So recently I was at Ace Hardware during one of my lunch breaks. I get an hour for lunch and even after getting something to eat and getting the mandatory decaf iced coffee from the Coffee Bean, I tend to have 10-15 minutes left to spare on my lunch hour. Sometimes I go back early (dork!), but sometimes I wander through the stores “looking at stuff”. Seeing as there’s a Walgreen’s, Ace Hardware, and Office Depot there, I tend not to buy anything except pens and lip balm. However, it’s spring (or near enough) and Ace Hardware has all its plants out on display now.
At first I just stood outside looking at all the cute little plants. There were bell peppers and cucumbers and strawberries. Then the tomatoes caught my eye. I might have gotten a bit wistful. I love tomatoes and have tried on more than one occasion to grow them. The first try I not only didn’t cage them properly, but I was also bad on watering. The last time I tried, it was going really well until my poor plant got attacked by Tomato Hornworm caterpillars. I really do love gardening but I’m really crap at it. I haven’t bothered trying growing anything in the last two years and had no intention of trying this year until I wandered in the bowels of Ace Hardware and found the Topsy Turvy Tomato Grower (on sale!). I realized then and there that the Topsy Turvy Tomato Grower was a Must Have.
I purchased the Topsy Turvy Tomato Grower, a bag of Miracle Grow soil, gardening gloves and the cutest tomato plant whose variety I have already forgotten. I then got back to work and looked up the best way to plant the Topsy Turvy Tomato Grower.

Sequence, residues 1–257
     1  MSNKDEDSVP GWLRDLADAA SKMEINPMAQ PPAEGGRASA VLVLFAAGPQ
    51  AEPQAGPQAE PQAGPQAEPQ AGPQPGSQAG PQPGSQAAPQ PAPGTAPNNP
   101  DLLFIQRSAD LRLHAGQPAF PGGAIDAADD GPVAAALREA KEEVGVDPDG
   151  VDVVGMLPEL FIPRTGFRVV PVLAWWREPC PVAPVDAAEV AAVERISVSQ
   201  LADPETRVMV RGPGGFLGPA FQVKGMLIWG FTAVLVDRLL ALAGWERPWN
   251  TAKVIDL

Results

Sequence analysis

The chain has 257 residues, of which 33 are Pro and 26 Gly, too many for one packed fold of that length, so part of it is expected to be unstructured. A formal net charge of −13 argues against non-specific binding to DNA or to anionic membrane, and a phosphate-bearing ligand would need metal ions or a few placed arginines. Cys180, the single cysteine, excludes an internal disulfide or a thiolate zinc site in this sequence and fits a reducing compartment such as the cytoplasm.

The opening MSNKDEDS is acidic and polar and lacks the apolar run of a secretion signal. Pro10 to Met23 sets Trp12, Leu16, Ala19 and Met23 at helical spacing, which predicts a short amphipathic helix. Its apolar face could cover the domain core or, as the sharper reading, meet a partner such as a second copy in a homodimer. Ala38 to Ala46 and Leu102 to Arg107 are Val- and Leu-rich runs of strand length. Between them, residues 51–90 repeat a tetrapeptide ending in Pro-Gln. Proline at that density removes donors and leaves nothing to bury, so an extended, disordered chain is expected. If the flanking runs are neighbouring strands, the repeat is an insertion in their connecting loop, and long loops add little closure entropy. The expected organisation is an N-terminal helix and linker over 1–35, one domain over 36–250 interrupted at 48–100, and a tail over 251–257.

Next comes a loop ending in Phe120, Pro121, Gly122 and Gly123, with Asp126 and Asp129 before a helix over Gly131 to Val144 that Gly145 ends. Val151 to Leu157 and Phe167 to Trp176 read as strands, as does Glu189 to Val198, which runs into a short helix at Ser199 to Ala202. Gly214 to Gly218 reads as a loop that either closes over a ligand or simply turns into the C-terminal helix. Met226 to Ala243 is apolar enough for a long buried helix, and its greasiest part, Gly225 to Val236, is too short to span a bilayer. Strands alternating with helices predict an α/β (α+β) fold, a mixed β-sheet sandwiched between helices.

Those not familiar with the Topsy Turvy Tomato Grower please go here and watch their infomercial so I don’t have to explain that it’s a planter that you hang from a hook and that your plant grows upside down to avoid the possible pests and that the planter acts like a greenhouse on the soil helping it grow better. Oh wait, I just saved you 10 minutes.
The first thing you learn about the planter is that once it’s filled with dirt and water, the planter becomes incredibly heavy. Every review I read started with “it’s really heavy”. Thankfully one of the reviewers mentioned that using moss layered with the dirt helps reduce the weight. While a great suggestion, my first thought was, “great, now I have to go back to Ace to get moss.”
The second thing you learn is that because the plant is hanging upside down, it loses a lot of water – therefore, you have to water it at least once a day if not twice a day if it’s really hot.
On Wednesday, Andy helped put up the hook in the backyard and I fumbled with assembling the planter. This little video makes the process look easy. I’m clumsy and typically use the force method for all assembly related things and managed to tear off 3 arms of leaves on the tomato plant and tore the spongy bit that goes around the plant in half. I can pour in dirt properly and within 15 minutes, Billy the Tomato Plant was up.
Yes, its name is Billy and for once, I wasn’t responsible for the name. When I first came home with the little tomato plant, Andy looked up from his spot on the couch and said, “I see you have Billy.” “Billy?” “Yeah, Billy Tomato” Billy it is.
Billy begins his life by chilling upside down.